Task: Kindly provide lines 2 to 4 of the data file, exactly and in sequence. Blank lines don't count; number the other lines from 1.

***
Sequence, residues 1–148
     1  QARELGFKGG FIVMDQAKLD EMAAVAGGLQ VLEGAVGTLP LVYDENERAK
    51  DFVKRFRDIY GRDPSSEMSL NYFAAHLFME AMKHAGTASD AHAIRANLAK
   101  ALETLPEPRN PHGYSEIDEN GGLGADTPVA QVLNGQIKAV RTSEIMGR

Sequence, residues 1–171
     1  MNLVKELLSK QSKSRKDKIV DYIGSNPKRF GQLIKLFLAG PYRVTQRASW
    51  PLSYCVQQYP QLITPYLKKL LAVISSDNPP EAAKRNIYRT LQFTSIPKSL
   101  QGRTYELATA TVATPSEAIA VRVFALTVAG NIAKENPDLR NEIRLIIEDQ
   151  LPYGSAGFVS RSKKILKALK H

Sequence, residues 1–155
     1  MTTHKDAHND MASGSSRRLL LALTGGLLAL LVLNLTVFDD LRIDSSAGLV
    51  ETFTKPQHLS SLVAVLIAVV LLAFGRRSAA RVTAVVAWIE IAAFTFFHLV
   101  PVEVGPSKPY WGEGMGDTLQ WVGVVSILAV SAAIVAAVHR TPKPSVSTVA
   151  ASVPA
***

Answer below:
     1  QARELGFKGG FIVMDQAKLD EMAAVAGGLQ VLEGAVGTLP LVYDENERAK
    51  DFVKRFRDIY GRDPSSEMSL NYFAAHLFME AMKHAGTASD AHAIRANLAK
   101  ALETLPEPRN PHGYSEIDEN GGLGADTPVA QVLNGQIKAV RTSEIMGR